The presentation I made to In Depth (an Anglican group locally) is available as a web page. It wasn't the smoothest piece to read and ad lib from because I had edited it late by adding in material so the result was the flow was a bit backwards and forwards.
Well I presented this piece on Robinson and Honest to God as a follow-up to his 1945 Ph.D thesis Thou Who Art, and as such my presentation surely needs a further section to tackle Robinson's use of 'out there' as a representation of Thomist and all that theology. I won't do that yet. Is his 'out there' a good enough representation of the philosophical theology that was, for Robinson, surely, worse than the 'up there' of the biblical three decker universe?
It was a good and lively discussion, and I like these when people get stuck in. Honest to God matters to people, because of what it represented individually (as indeed it did to me - it got me chucked out of a church on the basis both that it was "old hat" and that my theology using it creates too many doubts).
My own view is that Honest to God was a failure of a book: it failed because, although it had impact theologically and indeed socially, it didn't make any long term changes happen - as we can see in the previous blog entry when looking at where the Anglican dogfights are now to be found. Things have gone backwards, and there are fundies on the march. The discplined up front (liturgical and restricted preaching) presentation in churches does not outsiders about the diversity of beliefs within these churches that can only be realised through conversation. It also failed because it was misread, and because although Bonhoeffer and Bultmann were treated properly (I'd assert), Tillich was misrepresented, even if creatively used. It failed too because along with the panentheism there is no satisfactory defence of a unique Jesus as the Christ, as indeed proved impossible for Robinson in later books beyond his own dogmatic assertion. And yet it represented a period of time quite well and was of an important moment, either to recoil from to set up the barricades, or sharpen blades, or to move on (or back to Jowett and company) to something more consistent and radical.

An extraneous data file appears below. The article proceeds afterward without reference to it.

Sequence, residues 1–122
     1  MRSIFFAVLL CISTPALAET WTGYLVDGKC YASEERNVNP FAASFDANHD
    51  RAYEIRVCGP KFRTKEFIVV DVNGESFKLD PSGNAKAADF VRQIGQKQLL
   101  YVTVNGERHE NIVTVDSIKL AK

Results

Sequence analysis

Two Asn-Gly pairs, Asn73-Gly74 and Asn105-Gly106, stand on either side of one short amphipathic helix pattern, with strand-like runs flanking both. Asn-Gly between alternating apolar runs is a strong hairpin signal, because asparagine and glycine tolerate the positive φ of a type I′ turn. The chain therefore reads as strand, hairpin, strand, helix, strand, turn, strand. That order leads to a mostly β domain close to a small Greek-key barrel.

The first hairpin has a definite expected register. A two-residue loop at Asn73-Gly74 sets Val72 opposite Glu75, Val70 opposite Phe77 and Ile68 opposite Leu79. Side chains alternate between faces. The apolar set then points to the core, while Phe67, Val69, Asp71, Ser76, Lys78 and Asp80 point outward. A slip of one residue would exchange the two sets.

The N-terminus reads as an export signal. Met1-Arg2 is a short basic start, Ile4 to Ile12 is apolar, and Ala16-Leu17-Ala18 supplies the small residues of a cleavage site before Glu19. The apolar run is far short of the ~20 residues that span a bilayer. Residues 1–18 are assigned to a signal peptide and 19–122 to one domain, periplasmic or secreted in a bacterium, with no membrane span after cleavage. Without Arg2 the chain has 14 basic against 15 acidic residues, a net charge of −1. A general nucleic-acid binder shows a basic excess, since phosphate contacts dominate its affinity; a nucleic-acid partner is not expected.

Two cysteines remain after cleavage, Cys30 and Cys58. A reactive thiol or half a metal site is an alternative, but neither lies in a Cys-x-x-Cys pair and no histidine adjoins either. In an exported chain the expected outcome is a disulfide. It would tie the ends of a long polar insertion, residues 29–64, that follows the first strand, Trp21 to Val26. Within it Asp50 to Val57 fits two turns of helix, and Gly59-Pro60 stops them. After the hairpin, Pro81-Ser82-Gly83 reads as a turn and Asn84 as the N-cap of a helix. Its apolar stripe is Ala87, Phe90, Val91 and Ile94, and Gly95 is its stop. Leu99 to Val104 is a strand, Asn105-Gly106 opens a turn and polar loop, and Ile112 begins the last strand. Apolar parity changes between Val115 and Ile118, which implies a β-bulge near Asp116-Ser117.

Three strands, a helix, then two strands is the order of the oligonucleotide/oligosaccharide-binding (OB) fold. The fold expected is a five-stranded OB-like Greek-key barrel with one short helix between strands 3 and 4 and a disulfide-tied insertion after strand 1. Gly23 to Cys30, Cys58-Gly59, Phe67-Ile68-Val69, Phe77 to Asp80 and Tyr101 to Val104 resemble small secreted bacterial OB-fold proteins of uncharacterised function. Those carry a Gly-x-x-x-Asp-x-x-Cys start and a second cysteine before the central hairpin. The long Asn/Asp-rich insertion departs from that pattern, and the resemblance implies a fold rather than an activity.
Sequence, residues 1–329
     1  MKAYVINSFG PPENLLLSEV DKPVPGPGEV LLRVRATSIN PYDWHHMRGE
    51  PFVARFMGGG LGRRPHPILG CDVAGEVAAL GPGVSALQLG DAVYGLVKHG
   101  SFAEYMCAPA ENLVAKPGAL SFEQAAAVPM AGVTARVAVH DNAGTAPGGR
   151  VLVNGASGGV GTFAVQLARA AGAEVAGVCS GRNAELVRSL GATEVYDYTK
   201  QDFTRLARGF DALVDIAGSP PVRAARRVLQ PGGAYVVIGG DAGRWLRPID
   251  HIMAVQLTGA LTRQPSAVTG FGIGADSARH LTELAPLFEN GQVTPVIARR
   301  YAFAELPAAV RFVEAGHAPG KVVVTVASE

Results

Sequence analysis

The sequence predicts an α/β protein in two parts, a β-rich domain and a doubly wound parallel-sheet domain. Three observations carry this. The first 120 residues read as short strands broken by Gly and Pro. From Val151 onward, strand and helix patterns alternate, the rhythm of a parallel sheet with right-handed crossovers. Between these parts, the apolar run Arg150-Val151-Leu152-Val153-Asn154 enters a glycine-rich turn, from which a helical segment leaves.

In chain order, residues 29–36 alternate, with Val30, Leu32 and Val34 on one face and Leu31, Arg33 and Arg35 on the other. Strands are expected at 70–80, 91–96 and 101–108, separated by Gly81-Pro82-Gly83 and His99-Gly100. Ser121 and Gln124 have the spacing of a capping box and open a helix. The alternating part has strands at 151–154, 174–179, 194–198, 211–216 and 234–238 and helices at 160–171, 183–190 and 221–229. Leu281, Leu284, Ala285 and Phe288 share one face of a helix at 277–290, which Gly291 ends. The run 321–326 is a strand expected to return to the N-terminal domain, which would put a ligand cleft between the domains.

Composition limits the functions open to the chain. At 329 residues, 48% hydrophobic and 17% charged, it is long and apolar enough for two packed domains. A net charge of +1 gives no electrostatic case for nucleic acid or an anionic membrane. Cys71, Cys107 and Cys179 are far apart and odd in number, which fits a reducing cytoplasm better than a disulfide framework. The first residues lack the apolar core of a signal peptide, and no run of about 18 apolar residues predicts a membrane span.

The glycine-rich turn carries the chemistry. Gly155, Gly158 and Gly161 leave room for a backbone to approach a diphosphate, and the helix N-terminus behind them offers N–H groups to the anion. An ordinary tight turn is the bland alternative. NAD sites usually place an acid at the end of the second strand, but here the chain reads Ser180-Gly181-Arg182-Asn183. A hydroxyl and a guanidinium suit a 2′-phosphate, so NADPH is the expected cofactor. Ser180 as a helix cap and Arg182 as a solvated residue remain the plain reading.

The Church of England, fear of change, and the True Self - “Perhaps loss is the price we pay for being human, for being beautifully fragile. In order for us to be human, things must change, things will and must get...